I recently purchased an 24" NEC monitor and have decided that it's time to take calibration seriously.
My experience is more to do with color grading for video and film, so please excuse any errors if it does not apply to photography or other areas of imagery.
My simple advice is this: Don't take calibrating ONE monitor too seriously. The problem of color calibration is to keep color constant throughout MANY display devices or mediums (like paper, e.g.). It is best not to think of color calibration as an absolute science, and it might be more beneficial to think of it as a fuzzy concept.
Is your delivery objective to show imagery on un-calibrated monitors (used by clients and the masses)? Then surely the end result will widely vary from your intended purpose. The only thing you can do is to have enough experience in grading and hope your calibration is within acceptable tolerances.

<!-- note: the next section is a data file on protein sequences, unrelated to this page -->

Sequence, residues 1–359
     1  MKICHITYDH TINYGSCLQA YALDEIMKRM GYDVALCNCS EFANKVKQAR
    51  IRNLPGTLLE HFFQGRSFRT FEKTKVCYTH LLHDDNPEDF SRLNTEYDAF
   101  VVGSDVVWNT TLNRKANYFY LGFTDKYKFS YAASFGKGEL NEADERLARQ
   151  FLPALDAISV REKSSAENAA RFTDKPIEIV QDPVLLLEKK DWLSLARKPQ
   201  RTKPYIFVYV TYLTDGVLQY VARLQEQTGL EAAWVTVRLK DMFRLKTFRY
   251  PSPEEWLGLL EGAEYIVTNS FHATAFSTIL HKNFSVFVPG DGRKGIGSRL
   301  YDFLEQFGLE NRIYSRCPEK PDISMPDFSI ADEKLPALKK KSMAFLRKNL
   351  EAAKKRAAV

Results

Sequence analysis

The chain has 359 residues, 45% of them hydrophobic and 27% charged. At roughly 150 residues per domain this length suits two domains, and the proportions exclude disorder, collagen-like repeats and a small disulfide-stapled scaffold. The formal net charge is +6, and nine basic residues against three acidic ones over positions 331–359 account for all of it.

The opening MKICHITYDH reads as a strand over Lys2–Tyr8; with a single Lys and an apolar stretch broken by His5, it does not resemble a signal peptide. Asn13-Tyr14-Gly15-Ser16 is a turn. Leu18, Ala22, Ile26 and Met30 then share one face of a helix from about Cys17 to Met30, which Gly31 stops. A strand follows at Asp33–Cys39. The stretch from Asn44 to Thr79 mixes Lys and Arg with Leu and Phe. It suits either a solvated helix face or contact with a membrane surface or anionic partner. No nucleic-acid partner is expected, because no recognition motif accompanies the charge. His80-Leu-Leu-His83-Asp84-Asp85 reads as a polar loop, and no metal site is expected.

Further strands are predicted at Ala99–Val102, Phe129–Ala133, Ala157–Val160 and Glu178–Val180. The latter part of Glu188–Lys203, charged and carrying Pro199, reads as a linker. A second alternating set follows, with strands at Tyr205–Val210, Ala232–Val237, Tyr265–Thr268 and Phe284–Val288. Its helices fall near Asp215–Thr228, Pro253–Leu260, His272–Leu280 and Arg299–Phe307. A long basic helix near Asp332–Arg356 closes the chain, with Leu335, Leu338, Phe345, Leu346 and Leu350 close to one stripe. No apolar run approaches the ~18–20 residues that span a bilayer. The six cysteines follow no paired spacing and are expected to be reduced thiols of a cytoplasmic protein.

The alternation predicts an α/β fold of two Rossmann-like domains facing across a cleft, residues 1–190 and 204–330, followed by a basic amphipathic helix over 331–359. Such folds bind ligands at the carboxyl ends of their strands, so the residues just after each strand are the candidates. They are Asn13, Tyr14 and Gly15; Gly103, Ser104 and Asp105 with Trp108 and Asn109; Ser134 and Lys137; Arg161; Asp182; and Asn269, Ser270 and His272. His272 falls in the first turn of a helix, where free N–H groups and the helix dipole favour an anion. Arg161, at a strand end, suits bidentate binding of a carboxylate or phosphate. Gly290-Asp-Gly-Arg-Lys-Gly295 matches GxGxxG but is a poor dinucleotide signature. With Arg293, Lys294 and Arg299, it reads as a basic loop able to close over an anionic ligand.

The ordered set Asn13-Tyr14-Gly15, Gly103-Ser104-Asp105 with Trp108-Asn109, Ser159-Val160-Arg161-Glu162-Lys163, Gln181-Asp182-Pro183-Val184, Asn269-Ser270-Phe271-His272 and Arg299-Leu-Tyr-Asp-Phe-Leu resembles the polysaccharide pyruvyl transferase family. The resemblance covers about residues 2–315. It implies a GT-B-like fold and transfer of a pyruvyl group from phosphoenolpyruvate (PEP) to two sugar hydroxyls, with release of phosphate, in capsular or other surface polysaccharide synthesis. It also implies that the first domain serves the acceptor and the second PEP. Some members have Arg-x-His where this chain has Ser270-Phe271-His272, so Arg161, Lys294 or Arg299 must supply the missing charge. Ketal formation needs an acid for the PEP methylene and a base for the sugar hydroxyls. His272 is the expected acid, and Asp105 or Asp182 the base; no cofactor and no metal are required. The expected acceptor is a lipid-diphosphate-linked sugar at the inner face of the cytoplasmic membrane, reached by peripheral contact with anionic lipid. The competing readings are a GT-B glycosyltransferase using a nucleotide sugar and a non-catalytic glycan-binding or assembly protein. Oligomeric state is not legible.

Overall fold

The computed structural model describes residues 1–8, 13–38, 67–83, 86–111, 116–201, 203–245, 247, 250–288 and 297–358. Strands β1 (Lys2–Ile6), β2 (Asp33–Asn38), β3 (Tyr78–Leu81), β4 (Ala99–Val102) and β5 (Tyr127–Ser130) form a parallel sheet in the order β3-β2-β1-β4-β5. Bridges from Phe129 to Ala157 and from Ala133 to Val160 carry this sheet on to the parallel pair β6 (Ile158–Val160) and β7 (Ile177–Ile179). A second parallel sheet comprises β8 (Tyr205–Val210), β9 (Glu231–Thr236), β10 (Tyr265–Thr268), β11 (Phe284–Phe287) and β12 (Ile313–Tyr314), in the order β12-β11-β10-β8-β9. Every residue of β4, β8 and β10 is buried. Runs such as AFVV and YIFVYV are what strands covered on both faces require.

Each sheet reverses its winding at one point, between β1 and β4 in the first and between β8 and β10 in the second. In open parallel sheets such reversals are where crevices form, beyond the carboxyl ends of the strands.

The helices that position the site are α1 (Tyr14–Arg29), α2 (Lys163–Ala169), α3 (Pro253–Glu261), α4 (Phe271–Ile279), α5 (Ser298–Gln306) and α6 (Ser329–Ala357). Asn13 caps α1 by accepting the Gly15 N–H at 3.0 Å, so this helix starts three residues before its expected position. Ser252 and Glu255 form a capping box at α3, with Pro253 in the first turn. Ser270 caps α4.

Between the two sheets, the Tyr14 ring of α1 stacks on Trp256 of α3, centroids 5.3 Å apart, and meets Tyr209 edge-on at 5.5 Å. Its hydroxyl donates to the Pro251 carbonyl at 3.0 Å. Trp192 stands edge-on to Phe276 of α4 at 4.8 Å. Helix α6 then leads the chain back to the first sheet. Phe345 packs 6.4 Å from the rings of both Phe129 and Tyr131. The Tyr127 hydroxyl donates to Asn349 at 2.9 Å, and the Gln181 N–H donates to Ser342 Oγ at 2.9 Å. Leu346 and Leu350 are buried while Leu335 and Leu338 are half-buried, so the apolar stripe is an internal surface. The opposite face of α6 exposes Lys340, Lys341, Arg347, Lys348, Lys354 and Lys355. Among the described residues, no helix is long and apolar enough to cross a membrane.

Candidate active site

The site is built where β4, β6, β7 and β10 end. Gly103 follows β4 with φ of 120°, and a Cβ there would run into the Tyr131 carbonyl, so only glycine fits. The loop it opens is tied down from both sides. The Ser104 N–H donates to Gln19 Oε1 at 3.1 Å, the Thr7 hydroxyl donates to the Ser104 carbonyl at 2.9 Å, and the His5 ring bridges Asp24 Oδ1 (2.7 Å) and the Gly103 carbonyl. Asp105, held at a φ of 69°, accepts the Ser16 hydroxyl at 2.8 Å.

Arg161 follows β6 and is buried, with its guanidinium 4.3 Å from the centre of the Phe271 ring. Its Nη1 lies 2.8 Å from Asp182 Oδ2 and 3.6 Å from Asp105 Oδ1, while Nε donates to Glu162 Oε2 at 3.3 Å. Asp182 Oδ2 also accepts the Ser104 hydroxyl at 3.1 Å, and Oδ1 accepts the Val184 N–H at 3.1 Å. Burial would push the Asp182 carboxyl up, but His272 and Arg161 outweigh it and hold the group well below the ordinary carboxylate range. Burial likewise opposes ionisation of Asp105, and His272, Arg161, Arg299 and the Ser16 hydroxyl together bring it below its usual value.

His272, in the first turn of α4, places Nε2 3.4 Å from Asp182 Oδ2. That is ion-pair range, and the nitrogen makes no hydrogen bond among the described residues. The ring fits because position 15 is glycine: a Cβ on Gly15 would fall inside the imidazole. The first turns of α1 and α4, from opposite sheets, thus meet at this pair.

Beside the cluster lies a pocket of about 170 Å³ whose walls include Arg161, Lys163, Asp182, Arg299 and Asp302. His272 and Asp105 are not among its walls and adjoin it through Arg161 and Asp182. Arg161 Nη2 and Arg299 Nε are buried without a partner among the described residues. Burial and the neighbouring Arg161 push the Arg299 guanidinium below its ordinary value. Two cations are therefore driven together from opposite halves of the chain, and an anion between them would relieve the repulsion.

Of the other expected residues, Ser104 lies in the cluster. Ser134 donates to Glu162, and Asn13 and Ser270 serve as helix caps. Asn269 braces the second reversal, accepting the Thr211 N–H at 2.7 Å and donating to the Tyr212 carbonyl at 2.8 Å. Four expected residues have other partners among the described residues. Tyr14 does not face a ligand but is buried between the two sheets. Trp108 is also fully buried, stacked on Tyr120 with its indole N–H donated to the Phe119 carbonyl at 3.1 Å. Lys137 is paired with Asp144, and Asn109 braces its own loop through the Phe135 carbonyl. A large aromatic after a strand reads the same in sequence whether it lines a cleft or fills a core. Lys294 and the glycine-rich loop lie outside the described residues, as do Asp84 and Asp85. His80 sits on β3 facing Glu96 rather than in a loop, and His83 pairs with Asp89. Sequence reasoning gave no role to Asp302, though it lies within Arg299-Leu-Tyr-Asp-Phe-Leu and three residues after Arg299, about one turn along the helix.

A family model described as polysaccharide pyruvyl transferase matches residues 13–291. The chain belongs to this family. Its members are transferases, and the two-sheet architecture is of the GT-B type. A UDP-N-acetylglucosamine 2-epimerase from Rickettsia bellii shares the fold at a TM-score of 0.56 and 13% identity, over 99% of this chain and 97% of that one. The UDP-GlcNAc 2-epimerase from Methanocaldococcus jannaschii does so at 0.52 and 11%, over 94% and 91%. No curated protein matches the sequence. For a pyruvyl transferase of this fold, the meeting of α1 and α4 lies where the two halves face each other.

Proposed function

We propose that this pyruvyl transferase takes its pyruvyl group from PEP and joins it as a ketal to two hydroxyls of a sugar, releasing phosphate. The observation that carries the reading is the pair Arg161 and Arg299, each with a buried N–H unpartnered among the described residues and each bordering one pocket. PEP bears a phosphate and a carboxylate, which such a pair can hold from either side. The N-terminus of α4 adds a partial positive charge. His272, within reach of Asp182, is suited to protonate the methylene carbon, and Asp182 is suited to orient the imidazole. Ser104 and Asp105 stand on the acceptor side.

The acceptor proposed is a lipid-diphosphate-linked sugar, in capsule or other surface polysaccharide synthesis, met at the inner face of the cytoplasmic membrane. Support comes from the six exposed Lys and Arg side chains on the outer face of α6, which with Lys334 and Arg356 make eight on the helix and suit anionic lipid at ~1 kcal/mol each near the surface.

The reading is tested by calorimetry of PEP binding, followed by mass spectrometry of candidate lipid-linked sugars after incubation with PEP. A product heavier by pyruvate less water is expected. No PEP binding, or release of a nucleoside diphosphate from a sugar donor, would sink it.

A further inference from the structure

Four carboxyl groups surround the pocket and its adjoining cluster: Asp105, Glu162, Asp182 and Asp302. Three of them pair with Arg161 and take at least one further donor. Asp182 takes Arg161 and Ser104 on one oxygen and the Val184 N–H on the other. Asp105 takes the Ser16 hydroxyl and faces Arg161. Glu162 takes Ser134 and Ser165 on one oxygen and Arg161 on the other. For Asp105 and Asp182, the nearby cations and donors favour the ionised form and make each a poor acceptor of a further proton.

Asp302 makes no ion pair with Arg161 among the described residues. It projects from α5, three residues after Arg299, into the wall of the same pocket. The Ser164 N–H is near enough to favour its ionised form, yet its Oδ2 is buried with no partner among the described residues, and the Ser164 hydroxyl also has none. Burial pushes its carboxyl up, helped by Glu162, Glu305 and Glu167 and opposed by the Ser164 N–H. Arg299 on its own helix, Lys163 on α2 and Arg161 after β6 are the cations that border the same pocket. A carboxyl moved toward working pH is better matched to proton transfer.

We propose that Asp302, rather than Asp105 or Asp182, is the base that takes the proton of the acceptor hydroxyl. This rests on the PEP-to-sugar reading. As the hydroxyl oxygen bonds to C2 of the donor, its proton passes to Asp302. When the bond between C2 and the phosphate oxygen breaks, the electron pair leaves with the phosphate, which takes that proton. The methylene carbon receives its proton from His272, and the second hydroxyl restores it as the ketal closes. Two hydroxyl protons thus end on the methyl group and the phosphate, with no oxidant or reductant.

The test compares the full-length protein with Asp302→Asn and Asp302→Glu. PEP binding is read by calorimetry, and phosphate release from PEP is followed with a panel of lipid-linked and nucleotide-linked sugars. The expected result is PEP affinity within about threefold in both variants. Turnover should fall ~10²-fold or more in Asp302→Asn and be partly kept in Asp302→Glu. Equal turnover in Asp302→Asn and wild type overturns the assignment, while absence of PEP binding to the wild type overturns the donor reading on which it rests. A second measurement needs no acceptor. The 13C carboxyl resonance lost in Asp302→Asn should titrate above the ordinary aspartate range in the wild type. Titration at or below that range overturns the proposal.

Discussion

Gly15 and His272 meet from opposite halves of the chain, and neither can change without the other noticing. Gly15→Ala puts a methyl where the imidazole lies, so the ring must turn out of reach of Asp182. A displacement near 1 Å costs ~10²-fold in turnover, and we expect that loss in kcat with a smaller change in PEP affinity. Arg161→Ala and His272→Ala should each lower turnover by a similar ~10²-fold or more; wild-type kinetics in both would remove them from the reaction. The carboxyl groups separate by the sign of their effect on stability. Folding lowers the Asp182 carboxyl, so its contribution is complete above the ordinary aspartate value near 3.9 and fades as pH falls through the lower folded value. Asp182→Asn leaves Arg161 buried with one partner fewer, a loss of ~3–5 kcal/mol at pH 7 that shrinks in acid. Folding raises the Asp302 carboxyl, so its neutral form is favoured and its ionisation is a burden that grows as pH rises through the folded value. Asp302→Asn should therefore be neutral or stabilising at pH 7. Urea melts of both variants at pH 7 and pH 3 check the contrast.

Is your delivery objective a print? In that case too, the variables can only be controlled and manipulated by experience - because the greatest and most expensive monitors, color hardware and software cannot understand printers and papers. You still have to use your eyes and memory at the end of the day.
Then what is the point of spending a lot of money on color calibration hardware? Go with the cheapest possible professional solution (by which I mean one that gives you consistent results for your monitor). You will be okay, even in a professional environment.